Say You'll Never Love Me(5)

By: Ann Everett


“I’ll put it on my to-do list.”

For the rest of the day, Jared tried to concentrate on work, but Beth kept blowing up his phone. How did she ever get any work done? As if to prove his point, it dinged. Her. Again. Thirty-two texts so far. If he loved her, he’d probably welcome the calls. But he didn’t. Another sign he’d made the right decision.

He forced the problem to the back of his mind and stared at the stack of papers in front of him. Lately, on-site projects took him out of the office more. Regardless of how much effort went into drawing plans, clients always found changes they wanted. He spent hours traveling from place to place, making sure permits were in order, and contractors stayed on schedule despite the new modifications. He crammed the documents into his briefcase and headed out the door. He had one stop to make, then he’d go home to face Beth Ann.

At six o’clock, he pulled into his drive, and Beth waited on the porch. “Hey, babe.” She checked her watch. “You have a late client? I expected you forty-five minutes ago. If I’d had a way in, I could have dinner waiting. Why didn’t you answer any of my texts?”

“We’ve been over this a hundred times. You’ve got to stop sending so many. My answers are the same. I’m at work. Working.”

“Okay. I’ll try to do better but I think about you all day.” She placed a hand on his shoulder and trailed fingers down his arm. “Don’t you think about me?”

“I stay so busy, there’s no time to think about much other than work.”

“Pasta and bread sticks sound good?”

“Fine.”

“So, who kept you late?”

She’d pulled her hair into a messy twist on top of her head. Wind whipped dangling strands like the tail on a kite. He should break up with her right here. Not even let her in the house, but not knowing what reaction to expect, not a good idea. Might cause a scene. The last thing he needed was for neighbors to call the cops because of a domestic dispute. “I had to check on a construction site. Took longer than I thought. Had to wait on the foreman.”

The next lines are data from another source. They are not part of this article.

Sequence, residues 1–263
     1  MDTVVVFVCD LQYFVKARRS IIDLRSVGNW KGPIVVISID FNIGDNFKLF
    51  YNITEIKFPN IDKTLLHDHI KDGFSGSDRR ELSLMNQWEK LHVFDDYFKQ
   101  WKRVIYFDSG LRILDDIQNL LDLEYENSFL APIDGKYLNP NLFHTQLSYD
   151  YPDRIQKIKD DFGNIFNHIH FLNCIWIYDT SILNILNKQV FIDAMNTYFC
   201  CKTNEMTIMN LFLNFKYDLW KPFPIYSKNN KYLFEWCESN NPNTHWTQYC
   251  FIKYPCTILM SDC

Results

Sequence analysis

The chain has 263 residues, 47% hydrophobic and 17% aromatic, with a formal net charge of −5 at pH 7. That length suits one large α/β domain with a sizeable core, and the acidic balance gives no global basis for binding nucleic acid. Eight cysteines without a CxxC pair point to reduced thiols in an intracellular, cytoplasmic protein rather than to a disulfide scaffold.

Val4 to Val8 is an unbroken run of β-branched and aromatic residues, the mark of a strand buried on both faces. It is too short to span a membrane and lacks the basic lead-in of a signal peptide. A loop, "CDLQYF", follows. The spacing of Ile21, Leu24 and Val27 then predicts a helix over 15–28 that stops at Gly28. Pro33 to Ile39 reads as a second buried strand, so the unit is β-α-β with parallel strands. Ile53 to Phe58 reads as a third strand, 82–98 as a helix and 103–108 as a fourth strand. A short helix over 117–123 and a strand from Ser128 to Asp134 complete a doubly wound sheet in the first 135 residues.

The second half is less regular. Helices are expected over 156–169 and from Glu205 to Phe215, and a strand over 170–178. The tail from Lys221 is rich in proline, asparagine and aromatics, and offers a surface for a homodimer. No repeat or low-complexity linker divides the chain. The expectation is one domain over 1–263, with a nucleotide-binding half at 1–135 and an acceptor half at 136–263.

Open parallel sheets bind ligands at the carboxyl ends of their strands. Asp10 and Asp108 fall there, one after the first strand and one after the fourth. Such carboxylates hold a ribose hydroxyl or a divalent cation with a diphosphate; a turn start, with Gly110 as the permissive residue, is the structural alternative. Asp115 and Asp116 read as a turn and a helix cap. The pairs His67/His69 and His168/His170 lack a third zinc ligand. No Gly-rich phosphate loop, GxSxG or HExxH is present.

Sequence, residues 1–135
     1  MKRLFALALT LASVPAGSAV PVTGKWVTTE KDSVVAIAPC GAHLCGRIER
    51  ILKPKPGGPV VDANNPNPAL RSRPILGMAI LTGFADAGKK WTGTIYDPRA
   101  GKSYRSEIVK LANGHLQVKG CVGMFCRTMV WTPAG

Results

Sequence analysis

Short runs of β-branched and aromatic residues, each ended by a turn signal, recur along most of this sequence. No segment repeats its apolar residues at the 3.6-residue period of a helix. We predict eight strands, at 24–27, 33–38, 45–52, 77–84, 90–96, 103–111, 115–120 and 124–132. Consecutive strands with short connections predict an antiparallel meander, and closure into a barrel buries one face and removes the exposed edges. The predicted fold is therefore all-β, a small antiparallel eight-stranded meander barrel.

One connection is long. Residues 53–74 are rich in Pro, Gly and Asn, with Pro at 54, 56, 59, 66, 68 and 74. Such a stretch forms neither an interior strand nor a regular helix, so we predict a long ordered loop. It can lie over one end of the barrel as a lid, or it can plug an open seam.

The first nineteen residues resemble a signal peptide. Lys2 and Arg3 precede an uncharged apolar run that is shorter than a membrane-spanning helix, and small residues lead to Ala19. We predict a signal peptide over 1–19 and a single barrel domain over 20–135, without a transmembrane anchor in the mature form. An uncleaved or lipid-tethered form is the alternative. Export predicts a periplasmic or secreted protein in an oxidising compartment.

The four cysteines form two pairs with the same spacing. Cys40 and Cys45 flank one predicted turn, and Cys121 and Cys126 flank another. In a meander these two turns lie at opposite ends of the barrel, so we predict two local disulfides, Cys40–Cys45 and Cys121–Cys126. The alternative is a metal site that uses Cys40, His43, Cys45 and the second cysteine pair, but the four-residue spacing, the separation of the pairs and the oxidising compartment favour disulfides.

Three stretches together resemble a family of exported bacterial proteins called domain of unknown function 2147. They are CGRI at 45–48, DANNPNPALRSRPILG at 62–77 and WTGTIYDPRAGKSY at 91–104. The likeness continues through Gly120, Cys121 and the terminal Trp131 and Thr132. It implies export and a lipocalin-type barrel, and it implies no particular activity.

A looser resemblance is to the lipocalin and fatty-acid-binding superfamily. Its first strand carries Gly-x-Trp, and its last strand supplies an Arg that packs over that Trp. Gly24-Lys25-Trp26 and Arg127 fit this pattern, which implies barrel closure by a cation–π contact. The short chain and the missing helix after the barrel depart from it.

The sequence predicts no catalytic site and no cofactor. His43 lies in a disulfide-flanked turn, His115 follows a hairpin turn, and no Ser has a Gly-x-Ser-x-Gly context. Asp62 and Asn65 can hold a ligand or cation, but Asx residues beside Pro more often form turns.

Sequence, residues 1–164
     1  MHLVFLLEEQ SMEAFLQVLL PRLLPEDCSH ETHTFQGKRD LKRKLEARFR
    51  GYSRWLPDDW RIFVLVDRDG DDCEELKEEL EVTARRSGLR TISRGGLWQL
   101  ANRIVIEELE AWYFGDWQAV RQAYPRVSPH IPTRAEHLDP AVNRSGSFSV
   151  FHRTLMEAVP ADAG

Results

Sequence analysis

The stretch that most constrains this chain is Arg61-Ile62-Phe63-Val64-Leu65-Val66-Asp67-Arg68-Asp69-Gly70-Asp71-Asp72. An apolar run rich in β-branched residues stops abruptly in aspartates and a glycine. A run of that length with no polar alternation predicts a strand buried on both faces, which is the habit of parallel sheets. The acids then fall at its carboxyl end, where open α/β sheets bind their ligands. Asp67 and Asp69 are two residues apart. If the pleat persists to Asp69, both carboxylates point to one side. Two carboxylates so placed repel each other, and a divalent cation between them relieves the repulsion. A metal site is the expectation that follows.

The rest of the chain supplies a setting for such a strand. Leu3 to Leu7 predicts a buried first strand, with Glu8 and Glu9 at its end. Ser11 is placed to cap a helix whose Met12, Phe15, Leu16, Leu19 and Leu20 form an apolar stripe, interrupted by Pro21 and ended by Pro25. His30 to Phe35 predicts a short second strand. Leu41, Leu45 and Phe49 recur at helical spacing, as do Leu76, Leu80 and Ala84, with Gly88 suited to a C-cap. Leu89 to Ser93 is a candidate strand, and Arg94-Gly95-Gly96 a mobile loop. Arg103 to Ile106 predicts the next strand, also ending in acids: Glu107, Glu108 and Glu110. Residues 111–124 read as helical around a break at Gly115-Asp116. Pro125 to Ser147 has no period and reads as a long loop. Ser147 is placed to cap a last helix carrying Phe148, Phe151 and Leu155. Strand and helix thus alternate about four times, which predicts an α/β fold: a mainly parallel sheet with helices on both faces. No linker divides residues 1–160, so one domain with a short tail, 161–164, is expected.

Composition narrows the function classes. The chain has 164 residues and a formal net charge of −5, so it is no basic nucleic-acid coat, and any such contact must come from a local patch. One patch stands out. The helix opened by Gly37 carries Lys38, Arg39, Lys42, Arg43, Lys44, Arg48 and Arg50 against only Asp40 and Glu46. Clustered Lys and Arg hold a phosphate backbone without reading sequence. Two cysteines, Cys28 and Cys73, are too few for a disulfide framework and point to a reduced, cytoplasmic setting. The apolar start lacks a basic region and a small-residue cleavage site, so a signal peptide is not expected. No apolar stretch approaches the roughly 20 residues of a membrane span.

He turned the key in the lock, and she stepped inside chattering on her way into the kitchen. “You want a green salad, too? I think you have all the ingredients. Did you eat a big lunch?” She opened the fridge and moved things around. “Yeah, there’s plenty here. Which site?”

“Doesn’t matter. Why don’t we skip cooking? I need to talk to you about something.”

She flapped her hand in the air. “Don’t be silly. I can have this ready in thirty minutes. Go jump in the shower. That will give us more time together after we eat. I want to discuss something with you, too.”

“Okay.” He sucked in a deep breath. This was it. She wanted more, and he planned to end it. After six months of dating, the next step seemed logical, but the constant interrogations wore him out. He should just do it. Tell her to hit the road. That he didn’t love her and never would. Cruel. Yes. Especially since he knew she was in love with him. But he couldn’t force it. Hell, he’d tried at the beginning, but she’d become a convenience, and that was unfair.

When he came from his shower, food was on the table. But because of his bad mood, he’d lost his appetite. She rambled on and on about some project where the client kept changing the color scheme. Jared moved pasta around on his plate and pretended to be interested, but all he wanted to do was get her out of there. When they finished dinner, she cleared the table, but he stopped her. “Leave everything. I’ll do the dishes later.”

“I don’t mind.”

“I insist.”

“At least let me put the leftover in a plastic container. You can take it for lunch tomorrow.”

“Fine.” Beth had good qualities. Smart. Hard worker. Kind. If she’d change her jealous behavior, they might have a chance, but no matter how many times he’d asked her to stop with the calls and texts, she didn’t. He was doing the right thing.

She leveled her dark brown eyes on him. “Is something wrong? You were quiet during dinner, and you hardly touched your food.”

“I have something on my mind, but it can wait until you’re done.” He wanted her undivided attention when he dropped the bomb. That way, no chance of miscommunication. “Did you turn in your bid for Escape Day Spa?”

“Yes, and after talking to the owner, I understand what she wants. I expect to get the job which means you and I will work together again. I love doing that. We make a perfect pair. Don’t you think? You design the building, and I decorate it.”

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